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We assume that you read the Introduction, which explains how to add an AI to OpenTTD. This page will explain how to add some simple things to make your AI do something. The result is in the Example AIs.


Naming your company

Of course the first thing you want to do, is name your company. You want to promote yourself, won't you? To change your company name, you need to load up the AICompany class. In Squirrel all classes are pre-loaded, so you can use it directly.

Now let's change our company name. The function to do this, as the API tells us, is SetName. The parameter is a string. So we get:

function MyNewAI::Start()

Now if you payed a bit of attention, you immediately notice that this goes against a rule you learn in the Introduction: the Start() returns, therefore your AI dies. But, this is just for illustration, so it will do fine for now.

Start OpenTTD, start a new map, and see how your AI now makes the company name change of the new player to MyNewAI.

Naming your company (advanced)

But now what happens if your AI starts two times. You can't have two AIs with the same company-name. If you run it, you will see that the second name stays Unnamed. That sucks. Lucky we can check the result of the function if it went okay. So let's extend it a bit, and check the result. If it fails, let's find ourselves an other name.

function MyNewAI::Start()
  if (!AICompany.SetName("MyNewAI")) {
    local i = 2;
    while (!AICompany.SetName("MyNewAI #" + i)) {
      i = i + 1;

What happens here, is that if naming the AI to MyNewAI fails, it tries MyNewAI #2. If that fails, it tries MyNewAI #3, etc etc. At some point it should work, or rather, that is the idea. So there you have it, your first AI that does something ingame.

Printing debug output

To print output to the AI Debug Panel, you can use AILog. These messages are also written to the console (AILog.Info with ai debug level 4 or higher, AILog.Warning with level 3 or higher and AILog.Error with level 1 or higher). Note that these functions only accept a string as parameter. If you want to print anything else, convert it to a string first. The easiest way to do that is appending an empty string, for example:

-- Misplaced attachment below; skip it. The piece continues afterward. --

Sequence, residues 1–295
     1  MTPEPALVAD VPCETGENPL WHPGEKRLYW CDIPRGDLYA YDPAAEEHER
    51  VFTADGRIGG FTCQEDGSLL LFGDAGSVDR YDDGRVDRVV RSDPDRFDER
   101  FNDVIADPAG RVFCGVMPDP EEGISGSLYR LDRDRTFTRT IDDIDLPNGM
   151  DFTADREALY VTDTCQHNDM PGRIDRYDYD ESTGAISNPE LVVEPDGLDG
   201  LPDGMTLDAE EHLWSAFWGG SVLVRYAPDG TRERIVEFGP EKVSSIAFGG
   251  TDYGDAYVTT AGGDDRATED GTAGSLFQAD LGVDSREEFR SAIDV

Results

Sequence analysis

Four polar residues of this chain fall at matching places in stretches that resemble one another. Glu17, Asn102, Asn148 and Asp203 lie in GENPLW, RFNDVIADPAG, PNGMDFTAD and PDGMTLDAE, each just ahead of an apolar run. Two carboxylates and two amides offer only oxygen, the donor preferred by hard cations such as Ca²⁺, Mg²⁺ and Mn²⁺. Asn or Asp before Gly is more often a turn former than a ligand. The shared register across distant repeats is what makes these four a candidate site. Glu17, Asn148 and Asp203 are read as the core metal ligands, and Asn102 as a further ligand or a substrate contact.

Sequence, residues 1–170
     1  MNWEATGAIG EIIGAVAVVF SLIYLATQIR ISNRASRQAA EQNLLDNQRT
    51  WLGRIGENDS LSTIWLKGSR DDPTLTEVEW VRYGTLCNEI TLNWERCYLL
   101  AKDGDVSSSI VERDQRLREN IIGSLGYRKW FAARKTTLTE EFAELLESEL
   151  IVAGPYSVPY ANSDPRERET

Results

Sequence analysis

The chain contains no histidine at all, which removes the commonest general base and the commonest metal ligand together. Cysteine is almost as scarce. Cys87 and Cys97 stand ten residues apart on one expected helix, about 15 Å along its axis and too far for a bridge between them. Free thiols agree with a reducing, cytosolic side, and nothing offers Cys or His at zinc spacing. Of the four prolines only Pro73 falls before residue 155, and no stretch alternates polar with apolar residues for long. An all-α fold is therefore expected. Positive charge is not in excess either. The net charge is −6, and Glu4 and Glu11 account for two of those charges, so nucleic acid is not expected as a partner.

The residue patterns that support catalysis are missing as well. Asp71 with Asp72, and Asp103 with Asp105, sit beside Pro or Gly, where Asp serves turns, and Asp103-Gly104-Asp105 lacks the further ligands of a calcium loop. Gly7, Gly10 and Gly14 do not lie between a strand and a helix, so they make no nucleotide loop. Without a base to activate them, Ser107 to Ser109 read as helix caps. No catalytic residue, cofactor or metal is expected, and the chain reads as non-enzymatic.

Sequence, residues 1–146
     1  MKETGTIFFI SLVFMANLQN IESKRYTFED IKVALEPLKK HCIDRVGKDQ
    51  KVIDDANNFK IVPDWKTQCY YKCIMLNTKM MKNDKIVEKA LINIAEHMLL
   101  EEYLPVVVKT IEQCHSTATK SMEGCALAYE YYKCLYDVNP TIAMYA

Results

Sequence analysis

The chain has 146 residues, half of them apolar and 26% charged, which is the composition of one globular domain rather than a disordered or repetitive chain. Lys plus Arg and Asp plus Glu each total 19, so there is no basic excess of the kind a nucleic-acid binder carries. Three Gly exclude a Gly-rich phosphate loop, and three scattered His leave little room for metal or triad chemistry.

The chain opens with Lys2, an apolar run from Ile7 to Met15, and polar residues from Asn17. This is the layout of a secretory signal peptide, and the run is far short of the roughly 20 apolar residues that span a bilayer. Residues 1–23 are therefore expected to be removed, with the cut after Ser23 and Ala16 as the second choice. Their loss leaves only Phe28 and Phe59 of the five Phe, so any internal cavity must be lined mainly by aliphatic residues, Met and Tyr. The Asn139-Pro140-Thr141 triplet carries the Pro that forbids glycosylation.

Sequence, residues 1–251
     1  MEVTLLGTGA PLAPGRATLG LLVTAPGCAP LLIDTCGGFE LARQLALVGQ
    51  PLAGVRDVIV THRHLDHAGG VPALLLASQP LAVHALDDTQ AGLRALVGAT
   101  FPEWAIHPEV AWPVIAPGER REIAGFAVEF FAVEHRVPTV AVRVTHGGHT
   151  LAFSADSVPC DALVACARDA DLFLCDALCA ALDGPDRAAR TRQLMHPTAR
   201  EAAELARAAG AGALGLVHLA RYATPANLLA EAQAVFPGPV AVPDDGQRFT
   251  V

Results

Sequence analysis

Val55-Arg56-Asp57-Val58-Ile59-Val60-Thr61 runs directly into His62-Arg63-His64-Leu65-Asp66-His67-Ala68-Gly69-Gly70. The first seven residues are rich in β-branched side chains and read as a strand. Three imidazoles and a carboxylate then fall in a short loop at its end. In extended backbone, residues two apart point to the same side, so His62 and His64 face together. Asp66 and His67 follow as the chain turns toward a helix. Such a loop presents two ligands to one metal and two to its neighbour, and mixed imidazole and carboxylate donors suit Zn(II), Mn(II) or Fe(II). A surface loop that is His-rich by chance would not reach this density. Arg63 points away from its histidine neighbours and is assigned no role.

AILog.Info(some_integer + "");

Event System

The event system is a simple poll system. You will need to poll the event-controller once in a while to see if there are any relevant events for you on the stack. Doing this is relative easy:

while (AIEventController.IsEventWaiting()) {
  local e = AIEventController.GetNextEvent();
  switch (e.GetEventType()) {
      local ec = AIEventVehicleCrashed.Convert(e);
      local v  = ec.GetVehicleID();
      AILog.Info("We have a crashed vehicle (" + v + ")");
      /* Handle the crashed vehicle */

Now what?

How to proceed next depends very much on what you want your AI to do. The best thing to do is to start browsing through the API. We suggest to start with a road-vehicle-only AI. We know it is really boring, but you can really make a lot of money with them, if done correctly. Also, it is much easier to create and understand than trains are. Ships and aircraft are also very doable, but more boring than road-vehicles.

For example, if you want to build road and road-stations, check AIRoad documentation. You will find the right functions there. For station information check AIStation. For vehicle-building and settings orders, check AIVehicle and AIOrder. Sounds all pretty logical, doesn't it?

Of course there are many things that make your life easier. There is for example a piece of code that queues all your commands in a big list and starts executing them on request all at once. Now if one fails, where it didn't before, it rolls everything back. This is very useful from time to time, as when planning a route it might have looked to be no problem to build it, but by the time a road piece is placed, it can be that an other company has taken the tile already. Such pieces of code makes handling those situations a bit easier. Other examples are pathfinders, and more of those things.